People who overdose from heroin in the town of Washington Court House, Ohio, will be charged with a crime: inducing panic (video below).
City Attorney Mark Pitsick defended the criminalization to WSYX: "We are trying everything we can do. It's an epidemic."
People will be charged with a misdemeanor -- punishable by a $1,000 fine and up to 180 days in jail -- if medics or police revive them with naloxone, an anti-overdose medication.
Pitsick said filing charges is a way to track those who have overdosed and try to get them the help they need.
In February and March, seven survivors were charged with the crime.
Good Samaritans who call 911 when someone overdoses will not be charged with a criminal offense, but if someone is overdosing and he or she calls 911, that person is at risk of having a criminal record.
Despite the jail time as part of the punishment, Pitsick insisted the law was not about jailing people:
Service. Follow up. Just them understanding that people do care. We are here to help. We are not here to put them in jail ... They don't have hope to begin with, but by helping them we hope we are giving them the ability to turn their lives around.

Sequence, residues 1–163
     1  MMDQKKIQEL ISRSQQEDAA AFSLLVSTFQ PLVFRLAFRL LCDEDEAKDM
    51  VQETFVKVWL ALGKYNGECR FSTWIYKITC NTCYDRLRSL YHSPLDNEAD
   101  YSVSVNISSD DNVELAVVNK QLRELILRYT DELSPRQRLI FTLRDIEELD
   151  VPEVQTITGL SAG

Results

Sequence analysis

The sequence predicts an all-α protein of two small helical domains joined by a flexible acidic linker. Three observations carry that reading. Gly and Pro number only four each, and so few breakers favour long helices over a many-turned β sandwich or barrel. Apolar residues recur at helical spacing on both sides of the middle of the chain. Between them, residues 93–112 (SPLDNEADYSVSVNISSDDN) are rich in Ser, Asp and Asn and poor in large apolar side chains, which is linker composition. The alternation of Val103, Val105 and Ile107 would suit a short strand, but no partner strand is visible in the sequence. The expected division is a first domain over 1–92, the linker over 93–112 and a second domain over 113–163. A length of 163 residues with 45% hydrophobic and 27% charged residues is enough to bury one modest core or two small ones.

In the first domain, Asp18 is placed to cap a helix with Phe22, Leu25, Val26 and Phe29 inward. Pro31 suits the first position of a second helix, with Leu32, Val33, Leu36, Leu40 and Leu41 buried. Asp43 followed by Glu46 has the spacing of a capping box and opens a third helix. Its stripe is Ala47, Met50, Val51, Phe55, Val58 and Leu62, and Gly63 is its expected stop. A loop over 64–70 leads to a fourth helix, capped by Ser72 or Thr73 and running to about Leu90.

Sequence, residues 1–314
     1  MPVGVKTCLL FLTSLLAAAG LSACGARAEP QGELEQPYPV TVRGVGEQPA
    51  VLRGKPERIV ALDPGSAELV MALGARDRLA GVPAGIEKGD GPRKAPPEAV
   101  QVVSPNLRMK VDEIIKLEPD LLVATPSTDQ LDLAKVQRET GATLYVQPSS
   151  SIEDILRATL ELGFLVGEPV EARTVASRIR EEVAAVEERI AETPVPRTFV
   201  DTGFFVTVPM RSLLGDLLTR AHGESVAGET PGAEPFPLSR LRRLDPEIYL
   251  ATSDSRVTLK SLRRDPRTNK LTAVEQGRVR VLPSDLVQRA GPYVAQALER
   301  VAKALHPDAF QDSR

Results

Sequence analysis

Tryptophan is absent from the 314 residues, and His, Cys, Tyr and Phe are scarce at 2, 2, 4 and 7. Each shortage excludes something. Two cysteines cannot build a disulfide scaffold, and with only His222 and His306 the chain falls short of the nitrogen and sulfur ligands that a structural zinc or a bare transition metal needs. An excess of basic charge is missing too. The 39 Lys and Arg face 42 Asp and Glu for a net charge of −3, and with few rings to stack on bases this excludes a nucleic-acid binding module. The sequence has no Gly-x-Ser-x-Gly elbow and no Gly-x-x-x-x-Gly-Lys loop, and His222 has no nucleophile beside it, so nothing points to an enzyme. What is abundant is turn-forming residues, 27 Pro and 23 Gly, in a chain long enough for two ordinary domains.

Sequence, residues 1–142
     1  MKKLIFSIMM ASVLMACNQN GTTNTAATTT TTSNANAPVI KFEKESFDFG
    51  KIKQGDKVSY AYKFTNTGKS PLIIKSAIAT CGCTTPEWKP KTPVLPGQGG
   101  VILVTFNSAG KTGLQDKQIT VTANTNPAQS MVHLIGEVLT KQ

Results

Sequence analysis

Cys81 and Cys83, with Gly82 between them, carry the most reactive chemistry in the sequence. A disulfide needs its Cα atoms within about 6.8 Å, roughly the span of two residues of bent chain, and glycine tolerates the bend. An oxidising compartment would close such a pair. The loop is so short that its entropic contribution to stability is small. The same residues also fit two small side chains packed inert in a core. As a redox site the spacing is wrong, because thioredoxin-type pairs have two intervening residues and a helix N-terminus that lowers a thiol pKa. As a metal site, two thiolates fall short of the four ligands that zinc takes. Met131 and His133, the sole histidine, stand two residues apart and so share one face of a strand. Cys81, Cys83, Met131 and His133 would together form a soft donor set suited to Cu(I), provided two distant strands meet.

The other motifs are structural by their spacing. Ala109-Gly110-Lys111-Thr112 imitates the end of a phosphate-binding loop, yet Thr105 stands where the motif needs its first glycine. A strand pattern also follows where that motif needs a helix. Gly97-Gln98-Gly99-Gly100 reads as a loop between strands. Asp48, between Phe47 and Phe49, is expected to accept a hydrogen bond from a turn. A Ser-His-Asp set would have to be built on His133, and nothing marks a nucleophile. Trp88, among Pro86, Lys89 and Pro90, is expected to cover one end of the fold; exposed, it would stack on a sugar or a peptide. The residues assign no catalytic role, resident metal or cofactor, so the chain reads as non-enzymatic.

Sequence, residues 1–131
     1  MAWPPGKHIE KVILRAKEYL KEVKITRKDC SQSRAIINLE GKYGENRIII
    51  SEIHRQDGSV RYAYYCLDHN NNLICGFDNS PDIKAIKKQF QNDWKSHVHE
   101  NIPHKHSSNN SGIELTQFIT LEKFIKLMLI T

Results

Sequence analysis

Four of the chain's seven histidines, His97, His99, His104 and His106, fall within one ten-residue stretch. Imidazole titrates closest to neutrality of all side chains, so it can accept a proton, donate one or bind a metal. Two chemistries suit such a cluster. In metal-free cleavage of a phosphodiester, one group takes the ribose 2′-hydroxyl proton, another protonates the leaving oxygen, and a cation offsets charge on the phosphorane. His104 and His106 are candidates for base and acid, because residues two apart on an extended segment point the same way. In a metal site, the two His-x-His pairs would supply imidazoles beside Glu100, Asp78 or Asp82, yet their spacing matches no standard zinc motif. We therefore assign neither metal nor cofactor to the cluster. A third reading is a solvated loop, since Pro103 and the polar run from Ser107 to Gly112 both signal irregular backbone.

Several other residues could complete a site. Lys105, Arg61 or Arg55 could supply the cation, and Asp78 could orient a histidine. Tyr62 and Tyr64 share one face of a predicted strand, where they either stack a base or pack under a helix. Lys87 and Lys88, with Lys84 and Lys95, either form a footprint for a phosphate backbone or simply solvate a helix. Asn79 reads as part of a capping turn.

Washington Court House Police Chief Brian Hottinger told WCMH that his officers will charge overdose victims with inducing panic if no other charges can be brought.
News site Attn noted some of the reactions to the new policy on Twitter:
why haven't they been doing this all this time? Force them into treatment or face stiff fines.
I like this idea when my son overdosed in my house few years ago I begged police to charge him for having drugs and using in my home.
parents have to pay a fortune for an epi pen to save their kids life yet these ppl get revived for free? need more than a misdemanor.
Criminal charges are way to far, they need rehab not prison.
As if that will solve anything.
that is not a good idea. It will discourage people from calling for help.
WTF?! F*** that. We need to stop inflating the police budgets and concentrate on rehabilitation. But hey cops need military weapons.
Washington Court House sits in Fayette County where, in early February, the sheriff’s office said there were 30 reports of suspected overdoses in 10 days, including one inside the Fayette County Jail.
Fayette County Deputy Health Commissioner Leigh Cannon said the naloxone supply was dwindling because of the recent increase in drug overdoses and the number of doses given to each victim.